If we look at all the media that were born in the last century, however, we never see a pattern where ‘new’ media replace ‘old’. Newspapers were not the fastest source of news anymore, but they could do other things. They could be stored. They could offer in-depth analysis or plain recreation. Instead of fast media, they became deep media. All through the twentieth century, we see a lot of media that should have been replaced. TV should have replaced radio. TV should have replaced the cinema. The video or DVD should have replaced the cinema. TV should have killed the stage theatre. And so on. But none of this has happened. There has been a fight, alright, and there still is a fight. But what we see in the media landscape is not the survival of the fittest. (Darwin never used that phrase, by the way.) What we see is a more and more differentiated media structure, where different types of media find a niche or a special way to function. The challenge for newspapers today is not to be printed or digitised, but to offer the in-depth analysis and/or recreation people need. (Another interesting aspect of the web that is very hard to fit in the framework of McLuhan's thinking is that it incorporates all kinds of media — written, film, music, still pictures and so on. We cannot see any mechanism of replacement in the growth of the web. McLuhan's other main point, that the technology of communication governs our way of thinking, might still be valid and is worth every consideration.)
What does this mean for the printed book?
To begin with, I think we can be quite sure that the printed book will be among us for many years to come. It will play a less dominant role within a more complex media situation, but I cannot see any reason why it should become ‘extinct’ like some sort of Librarius Rex.
But there is a pattern to be found in the way new media develop. It is true that some types of technology become defunct, but that is not because something has replaced it, but because something does exactly the same thing, and adds another function. The standard example here would be silent movies, which in a way were replaced by movies with sound. The VHS cassette is about to be replaced by DVD and Blu-Ray. The vinyl gramophone record has, on the other hand, had a strange revival in later years. The new media do exactly what the old did plus one ability more. It is tempting to write this out as a formula: x+1.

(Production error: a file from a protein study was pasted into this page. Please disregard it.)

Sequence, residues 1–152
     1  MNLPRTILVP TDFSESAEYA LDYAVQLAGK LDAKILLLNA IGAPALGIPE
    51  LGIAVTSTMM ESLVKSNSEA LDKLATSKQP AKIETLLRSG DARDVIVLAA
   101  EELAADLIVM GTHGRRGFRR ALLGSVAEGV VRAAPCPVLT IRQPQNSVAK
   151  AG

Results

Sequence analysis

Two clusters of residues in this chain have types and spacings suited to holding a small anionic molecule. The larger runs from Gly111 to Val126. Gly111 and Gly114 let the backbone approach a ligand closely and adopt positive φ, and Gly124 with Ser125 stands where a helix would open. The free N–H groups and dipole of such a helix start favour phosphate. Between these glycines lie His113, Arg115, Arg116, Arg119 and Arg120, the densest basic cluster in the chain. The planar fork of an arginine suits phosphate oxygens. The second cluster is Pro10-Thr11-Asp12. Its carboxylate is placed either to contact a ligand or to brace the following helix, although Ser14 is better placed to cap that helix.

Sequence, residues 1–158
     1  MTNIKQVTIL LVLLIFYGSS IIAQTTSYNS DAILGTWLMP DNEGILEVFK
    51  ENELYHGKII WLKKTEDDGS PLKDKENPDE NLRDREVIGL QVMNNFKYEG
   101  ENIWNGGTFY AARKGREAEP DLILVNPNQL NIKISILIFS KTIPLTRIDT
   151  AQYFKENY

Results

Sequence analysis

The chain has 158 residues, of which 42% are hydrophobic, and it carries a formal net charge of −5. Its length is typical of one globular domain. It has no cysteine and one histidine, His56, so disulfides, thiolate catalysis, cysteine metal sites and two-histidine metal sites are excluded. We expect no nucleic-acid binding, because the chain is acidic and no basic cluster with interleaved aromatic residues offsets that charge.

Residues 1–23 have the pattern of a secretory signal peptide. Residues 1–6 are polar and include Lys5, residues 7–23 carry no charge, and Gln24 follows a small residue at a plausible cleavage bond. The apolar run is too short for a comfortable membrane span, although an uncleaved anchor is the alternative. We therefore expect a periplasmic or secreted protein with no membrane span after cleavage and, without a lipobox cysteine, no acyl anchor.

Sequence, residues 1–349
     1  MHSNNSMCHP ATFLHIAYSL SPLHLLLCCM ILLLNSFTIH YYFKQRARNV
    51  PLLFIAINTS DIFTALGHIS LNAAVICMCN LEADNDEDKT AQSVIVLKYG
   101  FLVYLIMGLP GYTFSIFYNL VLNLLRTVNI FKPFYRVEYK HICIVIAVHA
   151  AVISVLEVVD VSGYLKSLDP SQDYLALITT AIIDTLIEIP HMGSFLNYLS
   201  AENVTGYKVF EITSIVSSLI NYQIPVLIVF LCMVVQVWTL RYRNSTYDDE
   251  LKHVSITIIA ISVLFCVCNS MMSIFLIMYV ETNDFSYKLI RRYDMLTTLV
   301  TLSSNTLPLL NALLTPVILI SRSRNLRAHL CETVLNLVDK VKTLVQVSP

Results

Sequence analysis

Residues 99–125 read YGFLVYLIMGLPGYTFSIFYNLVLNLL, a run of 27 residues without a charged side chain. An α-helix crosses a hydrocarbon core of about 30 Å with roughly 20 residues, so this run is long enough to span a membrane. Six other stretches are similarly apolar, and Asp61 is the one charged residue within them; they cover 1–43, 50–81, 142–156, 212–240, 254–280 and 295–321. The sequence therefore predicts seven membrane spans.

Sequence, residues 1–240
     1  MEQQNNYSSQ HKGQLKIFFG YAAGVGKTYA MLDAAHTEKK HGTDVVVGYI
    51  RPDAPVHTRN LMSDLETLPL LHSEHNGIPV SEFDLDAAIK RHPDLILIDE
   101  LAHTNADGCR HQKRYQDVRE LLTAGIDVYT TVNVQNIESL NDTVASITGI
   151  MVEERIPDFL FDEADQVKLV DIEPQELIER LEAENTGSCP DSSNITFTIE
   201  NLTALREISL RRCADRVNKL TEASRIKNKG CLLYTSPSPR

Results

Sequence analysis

The dangers facing the book do not come from a sudden slump in literacyor from the digital domain. Literacy is on its way up on this planet, and one of the reasons is the rapid expansion of the net in countries like India, China, South Africa and Brazil. The dangers are the same that face other media: the threat of degradation. Acid eats paper away, and magnetic markers might fade on any hard drive if it is stored too long. One important way to store text is of course to print it out on acid-free paper and store it underground. Or engrave it in stone.
One very important debate we are facing is the one over open standards and open formats. It is unreasonable to think that one digital format, owned by one software company, should be the only format open to future users. Open standards, open source and a free flow of digital data is, in my opinion, the best way to ensure that information is kept safe for the future. That plus the use of several different media for storage.
When Gutenberg printed his famous Bible, he took some pains to make it look like a hand-copied ‘original’ because that was what a real book looked like, and a book was an expensive and prestigious object, worth several years' wages in his days. In one of his novels, the Norwegian novelist Kjartan Flögstad renamed the book and called it a ‘sitman’ as opposed to a walkman. That is one, funny, way to say that the book will be around, even under another name. And if we apply the formula of x+1 to the book, we see that whatever wants to replace it must be able to do everything a book can, including standing around for a great while and still be readable. Whatever wants to replace the book must, by necessity, look very much like a book.